360° at 100 feet
Last week, “Captn Al” called out poor decision making in a video of an 727 doing a low-level 360° when he found the runway occupied by a light aircraft.
In a week where there have been videos of poor decision making below MSA, sadly here’s another one. Accidents just don’t happen, they are caused! #flying #safety #planesafetypodcast pic.twitter.com/yG9Yh8XjWT
— Captn Al (@airbus_al) December 2, 2019
Of course, I had to find out more.
Here’s the fullsized video:
I also found a second video of the same flight taken from the beach:
The aircraft is a Boeing 727 registration FY-MWM (previously N446BN) which has a long and interesting history. Here’s the final paragraph:
In 2014, Ship N446BN was stored at an unknown location in Africa. In addition, the aircraft was listed on several jet freighter available lists as being available for service. The aircraft was eventually sold to Astral Aviation sometime after 2014. However, as of February 2019, the aircraft is currently operating for Astral Aviation of Nairobi, Kenya. Ship N446BN was reregistered in Kenya as 5Y-MWM.
So that’s our plane.
The airport in the video is Aden Adde International Airport in Mogadishu, the capital of Somalia.
Here’s an old plate from the airport which was posted to the Professional Pilots’ Rumour Network. Note the no-fly zone:
Here’s the modern approach which still clearly keeps all traffic away from the land.
Somalia has been ravaged by armed conflict for almost three decades and violent attacks are a part of daily life in Mogadishu. Flying circles at 100 feet above the water in a 50-year-old plane sounds pretty frightening but one poster makes the comment that the 727 is less of a target doing a 360° off-shore than following the missed approach over a surface-to-air missile detail.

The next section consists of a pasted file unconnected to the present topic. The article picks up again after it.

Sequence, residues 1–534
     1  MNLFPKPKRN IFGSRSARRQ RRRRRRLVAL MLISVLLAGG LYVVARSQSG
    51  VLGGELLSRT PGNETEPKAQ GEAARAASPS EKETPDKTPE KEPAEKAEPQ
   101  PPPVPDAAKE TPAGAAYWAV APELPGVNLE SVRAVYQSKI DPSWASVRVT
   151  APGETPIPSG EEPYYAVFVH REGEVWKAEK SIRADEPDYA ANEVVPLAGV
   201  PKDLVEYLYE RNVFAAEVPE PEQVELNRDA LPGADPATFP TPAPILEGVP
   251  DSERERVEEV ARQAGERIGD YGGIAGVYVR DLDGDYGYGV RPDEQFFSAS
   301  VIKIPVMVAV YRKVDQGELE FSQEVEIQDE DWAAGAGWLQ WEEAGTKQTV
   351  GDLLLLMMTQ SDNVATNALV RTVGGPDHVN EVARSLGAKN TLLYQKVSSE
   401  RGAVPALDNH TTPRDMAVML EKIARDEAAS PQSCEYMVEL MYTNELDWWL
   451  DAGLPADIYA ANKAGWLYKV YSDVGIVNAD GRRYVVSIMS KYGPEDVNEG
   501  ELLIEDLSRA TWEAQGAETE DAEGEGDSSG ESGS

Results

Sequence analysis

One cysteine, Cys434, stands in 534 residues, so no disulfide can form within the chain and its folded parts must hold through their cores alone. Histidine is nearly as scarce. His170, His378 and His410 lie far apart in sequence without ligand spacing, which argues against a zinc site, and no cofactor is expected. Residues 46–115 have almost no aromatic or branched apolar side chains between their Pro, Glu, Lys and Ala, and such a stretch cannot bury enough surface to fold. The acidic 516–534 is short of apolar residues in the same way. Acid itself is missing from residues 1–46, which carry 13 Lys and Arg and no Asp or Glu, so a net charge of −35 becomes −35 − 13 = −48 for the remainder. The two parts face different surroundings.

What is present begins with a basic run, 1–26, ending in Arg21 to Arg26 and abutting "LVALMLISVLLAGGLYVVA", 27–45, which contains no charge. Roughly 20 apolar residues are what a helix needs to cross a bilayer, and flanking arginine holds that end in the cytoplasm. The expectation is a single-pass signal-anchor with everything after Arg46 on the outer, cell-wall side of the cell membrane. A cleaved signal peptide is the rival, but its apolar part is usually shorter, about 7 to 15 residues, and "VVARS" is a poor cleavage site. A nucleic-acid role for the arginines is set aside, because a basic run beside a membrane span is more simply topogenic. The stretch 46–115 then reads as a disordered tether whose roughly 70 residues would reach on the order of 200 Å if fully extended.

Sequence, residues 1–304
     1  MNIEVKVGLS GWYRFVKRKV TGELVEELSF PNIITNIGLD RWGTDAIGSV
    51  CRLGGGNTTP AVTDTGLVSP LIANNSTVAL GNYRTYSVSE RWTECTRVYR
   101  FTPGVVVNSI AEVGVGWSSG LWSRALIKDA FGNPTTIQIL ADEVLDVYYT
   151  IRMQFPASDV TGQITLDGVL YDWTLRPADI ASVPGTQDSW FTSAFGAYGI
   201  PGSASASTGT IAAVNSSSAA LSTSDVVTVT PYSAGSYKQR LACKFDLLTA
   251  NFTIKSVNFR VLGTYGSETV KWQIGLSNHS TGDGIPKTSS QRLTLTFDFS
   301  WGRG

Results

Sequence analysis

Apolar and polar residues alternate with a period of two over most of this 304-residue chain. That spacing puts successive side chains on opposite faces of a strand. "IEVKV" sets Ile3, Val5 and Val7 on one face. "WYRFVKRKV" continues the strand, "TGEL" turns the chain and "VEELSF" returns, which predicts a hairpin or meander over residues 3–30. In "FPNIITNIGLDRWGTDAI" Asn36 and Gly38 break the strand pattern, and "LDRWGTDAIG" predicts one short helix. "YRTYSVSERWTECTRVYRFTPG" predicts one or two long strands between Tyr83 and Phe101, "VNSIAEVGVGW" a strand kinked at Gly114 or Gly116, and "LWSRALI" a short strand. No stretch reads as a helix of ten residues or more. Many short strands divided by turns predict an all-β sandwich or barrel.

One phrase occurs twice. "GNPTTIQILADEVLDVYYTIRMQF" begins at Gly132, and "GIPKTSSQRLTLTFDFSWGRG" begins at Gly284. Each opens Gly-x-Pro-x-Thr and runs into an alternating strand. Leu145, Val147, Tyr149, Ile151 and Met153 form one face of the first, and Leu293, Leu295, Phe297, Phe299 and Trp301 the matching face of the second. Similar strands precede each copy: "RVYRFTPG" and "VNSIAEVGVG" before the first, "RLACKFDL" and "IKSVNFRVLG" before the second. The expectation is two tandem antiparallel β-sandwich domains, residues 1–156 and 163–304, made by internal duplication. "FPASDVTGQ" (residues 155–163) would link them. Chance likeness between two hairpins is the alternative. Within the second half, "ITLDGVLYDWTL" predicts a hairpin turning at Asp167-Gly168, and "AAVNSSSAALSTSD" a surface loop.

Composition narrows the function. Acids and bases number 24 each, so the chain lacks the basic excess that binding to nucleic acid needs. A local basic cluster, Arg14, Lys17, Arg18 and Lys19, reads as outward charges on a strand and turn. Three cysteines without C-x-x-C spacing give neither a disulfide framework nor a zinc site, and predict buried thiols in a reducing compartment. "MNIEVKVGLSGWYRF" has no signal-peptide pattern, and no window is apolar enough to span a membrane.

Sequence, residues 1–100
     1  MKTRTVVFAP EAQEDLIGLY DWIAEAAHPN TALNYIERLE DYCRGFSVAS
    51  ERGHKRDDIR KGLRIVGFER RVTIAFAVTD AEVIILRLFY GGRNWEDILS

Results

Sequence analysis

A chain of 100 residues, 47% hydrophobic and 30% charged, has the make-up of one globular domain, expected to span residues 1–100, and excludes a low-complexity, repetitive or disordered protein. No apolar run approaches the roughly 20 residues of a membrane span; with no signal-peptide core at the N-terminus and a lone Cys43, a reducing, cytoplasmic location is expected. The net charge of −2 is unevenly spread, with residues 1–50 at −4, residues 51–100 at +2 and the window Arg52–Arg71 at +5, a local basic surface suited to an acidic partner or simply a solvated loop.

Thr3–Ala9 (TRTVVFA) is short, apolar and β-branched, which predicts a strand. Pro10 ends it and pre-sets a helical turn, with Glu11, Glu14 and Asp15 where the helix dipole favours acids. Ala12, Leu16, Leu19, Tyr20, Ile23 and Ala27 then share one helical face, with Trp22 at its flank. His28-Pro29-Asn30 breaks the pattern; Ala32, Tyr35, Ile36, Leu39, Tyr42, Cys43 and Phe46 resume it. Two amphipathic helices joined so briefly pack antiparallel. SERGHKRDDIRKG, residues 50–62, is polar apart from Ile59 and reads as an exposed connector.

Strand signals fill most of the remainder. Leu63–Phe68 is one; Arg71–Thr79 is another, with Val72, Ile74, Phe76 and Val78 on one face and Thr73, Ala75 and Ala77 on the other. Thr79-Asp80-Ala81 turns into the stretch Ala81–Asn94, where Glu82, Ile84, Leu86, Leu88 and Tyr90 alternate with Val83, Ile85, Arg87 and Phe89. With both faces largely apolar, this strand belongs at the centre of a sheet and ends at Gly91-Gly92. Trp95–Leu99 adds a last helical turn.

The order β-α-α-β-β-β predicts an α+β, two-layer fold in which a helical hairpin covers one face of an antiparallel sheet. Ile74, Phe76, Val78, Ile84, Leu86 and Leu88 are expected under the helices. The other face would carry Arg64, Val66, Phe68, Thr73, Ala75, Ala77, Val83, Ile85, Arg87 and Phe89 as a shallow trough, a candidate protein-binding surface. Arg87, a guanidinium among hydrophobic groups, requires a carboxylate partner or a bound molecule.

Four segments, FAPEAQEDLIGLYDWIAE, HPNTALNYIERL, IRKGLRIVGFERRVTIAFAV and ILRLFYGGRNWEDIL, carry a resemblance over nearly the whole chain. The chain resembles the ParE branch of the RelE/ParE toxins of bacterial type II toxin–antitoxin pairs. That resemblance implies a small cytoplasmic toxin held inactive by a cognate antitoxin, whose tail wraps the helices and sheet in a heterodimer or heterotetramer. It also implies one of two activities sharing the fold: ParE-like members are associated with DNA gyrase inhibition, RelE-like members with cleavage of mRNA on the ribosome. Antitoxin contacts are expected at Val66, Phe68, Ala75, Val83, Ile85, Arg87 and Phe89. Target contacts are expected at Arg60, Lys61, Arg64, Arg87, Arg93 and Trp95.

Air Force Veteran Scott Bateman adds some context to the decision to circle at low level:
I first came to Mogadishu just before Xmas ‘92. It was dark and we landed at the airport the evening before the US Navy Seals were caught by CNN coming up the beach just to the north. It’s was then, and still is, a challenging place to aviate into.
Weapons are plentiful and when combined with the use of narcotics they are often fired randomly at anything, including aircraft. So it’s worth avoiding flying over any built up areas, period.
You will now understand why all #aircraft flying into here would want to remain over the water at all costs. A standard go around has the potential to be problematic. They always land & depart over the water, this avoiding risks from small arms fire.
The last time I landed at Mogadishu, I was wearing body armour and also sitting on a flak jacket to protect my “jewels”. Whilst the 727 manoeuvre is unconventional and probably risky, I wouldn’t judge as I have no idea of the current threat from ground fire or similar.
The pilot of the aircraft was apparently recognised on the Professional Pilot’s Rumour Network with one poster posting that Niel was jailed for over a year in Zimbabwe as the pilot of the Boeing 727 seized by Zimbabwean authorities in 2004. It sounds like this isn’t the man’s first time in a conflict zone.
Based on that, I found this YouTube channel by Niel Steyl including a video of him flying a 727-200 into, you guessed it Mogadishu, Somalia with Van Halen playing loudly in the background. It seems pretty likely that this is the same man.
Niel Steyl is a South African pilot who was indeed held for 17 months in a maximum security prison in Zimbabwe after being accused of having stopped to pick up weapons to overthrow the government of Equatorial Guinea.
Watching the video, I have to admit I’m impressed to watch the flight crew was acting as a team, the captain briefing before he starts the turn and the first officer looking out and watching. At the start and then again as they come back around, you can hear the callout of 100 feet — Steyl completed that 360° without losing an inch. I don’t think I’d want to be in that aircraft but I have to concede that he’s one hell of a pilot.
My computer does not respond when I want to see the video.
A pity because a 360 in a B727 at 100 feet? That is just about the aircraft’s wingspan. Over water, OK it is totally flat, but the tiniest mistake can cause a wingtip to create a wake in the water. Which would mean: a cartwheel and inevitable disaster. A very dangerous stunt, only justifiable because the alternative would carry even greater risks.
It would require supreme flying skills to pull this one off, though.
You can find the first clip at https://youtu.be/rcRhoY5azgM .